by Mark Johnston
Graduates may find it harder to get a mortgage.
Under new funding arrangements for English universities tuition fees are now up to a staggering £9,000 a year and therefore student cash has rarely been tighter.
A spokesman for the National Union of Students (NUS), said “debt is now a fact of life for the majority of students.
According to new research from moneysupermarket.com, a growing number of people aged 18 to 34 have already put themselves at risk of extra fees and mounting interest by borrowing cash on expensive lines of credit over the last year alone.
In the current climate, when people are already struggling to get by on tight budgets, many of this younger generation could be putting themselves at risk of debt problems.
Kevin Mountford, the head of banking at moneysupermarket.com, a comparison website, says “students should ensure they can realistically pay back any money they borrow from the bank”.
Recent research has suggested that the cost of paying off student loans will make it harder for graduates to buy a property.
These huge debt loads do not just pressure students to find high-paying jobs after they graduate: They are also making it nearly impossible for some to get the financing they need to buy a home.
A big problem with student loans is that they will now increase slightly more quickly than inflation, meaning the longer a student holds the loan the larger the debt will be.
Figures from the Royal Bank of Scotland (RBS) show that student loan repayments, which increase as the graduates pay increases, will eat up 7 per cent of the amount that a potential first time buyer has left over to save for a deposit after essential bills by the age of 26.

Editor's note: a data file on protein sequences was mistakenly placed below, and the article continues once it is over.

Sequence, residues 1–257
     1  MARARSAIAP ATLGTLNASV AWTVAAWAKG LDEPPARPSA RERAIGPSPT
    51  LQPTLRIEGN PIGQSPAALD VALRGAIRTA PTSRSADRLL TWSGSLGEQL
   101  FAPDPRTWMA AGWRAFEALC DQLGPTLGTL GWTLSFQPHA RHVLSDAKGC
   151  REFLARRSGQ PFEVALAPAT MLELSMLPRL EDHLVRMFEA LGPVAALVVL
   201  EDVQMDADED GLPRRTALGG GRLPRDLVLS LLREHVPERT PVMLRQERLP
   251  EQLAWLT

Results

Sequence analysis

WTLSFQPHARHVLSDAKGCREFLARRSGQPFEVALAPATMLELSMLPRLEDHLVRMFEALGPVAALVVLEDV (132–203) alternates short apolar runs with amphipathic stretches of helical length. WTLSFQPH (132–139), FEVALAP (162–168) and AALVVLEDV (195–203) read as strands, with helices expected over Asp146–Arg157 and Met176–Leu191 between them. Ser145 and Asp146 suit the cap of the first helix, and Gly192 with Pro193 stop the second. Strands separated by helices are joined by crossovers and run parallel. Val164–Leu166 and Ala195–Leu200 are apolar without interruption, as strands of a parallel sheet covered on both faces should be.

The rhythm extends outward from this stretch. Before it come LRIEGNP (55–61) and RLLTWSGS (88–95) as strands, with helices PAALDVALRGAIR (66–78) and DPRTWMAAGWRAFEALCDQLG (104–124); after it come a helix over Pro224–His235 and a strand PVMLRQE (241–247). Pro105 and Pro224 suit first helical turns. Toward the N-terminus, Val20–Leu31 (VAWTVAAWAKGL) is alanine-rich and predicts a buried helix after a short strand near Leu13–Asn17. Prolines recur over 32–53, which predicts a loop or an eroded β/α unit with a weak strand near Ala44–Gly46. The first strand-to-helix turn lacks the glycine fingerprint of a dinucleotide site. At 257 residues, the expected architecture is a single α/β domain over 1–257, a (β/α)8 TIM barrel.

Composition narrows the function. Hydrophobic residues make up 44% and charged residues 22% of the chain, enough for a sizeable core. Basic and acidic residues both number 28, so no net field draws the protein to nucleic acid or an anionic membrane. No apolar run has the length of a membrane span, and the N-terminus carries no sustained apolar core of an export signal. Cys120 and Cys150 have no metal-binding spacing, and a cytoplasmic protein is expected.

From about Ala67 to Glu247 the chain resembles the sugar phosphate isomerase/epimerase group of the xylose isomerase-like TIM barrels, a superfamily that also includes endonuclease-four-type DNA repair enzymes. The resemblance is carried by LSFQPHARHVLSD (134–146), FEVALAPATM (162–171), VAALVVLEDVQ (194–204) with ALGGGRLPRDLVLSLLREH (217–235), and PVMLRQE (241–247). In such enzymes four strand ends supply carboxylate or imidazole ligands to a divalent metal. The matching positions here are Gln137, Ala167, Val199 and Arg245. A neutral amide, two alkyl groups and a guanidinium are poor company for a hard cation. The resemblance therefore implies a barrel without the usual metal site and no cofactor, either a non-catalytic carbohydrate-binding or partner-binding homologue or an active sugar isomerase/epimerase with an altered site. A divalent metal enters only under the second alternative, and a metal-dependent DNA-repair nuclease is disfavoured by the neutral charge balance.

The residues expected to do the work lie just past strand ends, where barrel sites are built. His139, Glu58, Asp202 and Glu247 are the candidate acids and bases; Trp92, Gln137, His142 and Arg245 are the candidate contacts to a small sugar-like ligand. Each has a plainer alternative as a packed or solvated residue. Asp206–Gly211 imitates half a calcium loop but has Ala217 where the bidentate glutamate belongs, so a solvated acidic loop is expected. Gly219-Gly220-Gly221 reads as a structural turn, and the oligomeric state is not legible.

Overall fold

Would be first time buyers are already facing a huge struggle to buy their first home thanks to the shrinking availability of low deposit mortgages and lenders tightening their lending criteria.
Even graduates who do succeed in landing lucrative jobs can find themselves unable to get mortgage loans. The lack of credit history combined with reluctance on banks’ part to trust a short employment record in todays econom climate hits first-time homebuyers especially hard.
A buyer with a 90 per cent typical first time buyer mortgage on an average graduate income would spend 40 per cent of their income on their mortgage, this increases to 44 per cent on average for those with a student loan.
Financial experts state that although student loan debt only adds two or three months to the time it takes to save a 10 per cent deposits, it does make it more difficult to pay the mortgage and still live comfortably.
However, it is worth bearing in mind that student loans should not appear on a credit file, so they will not hamper a graduate’s chance of getting a mortgage.
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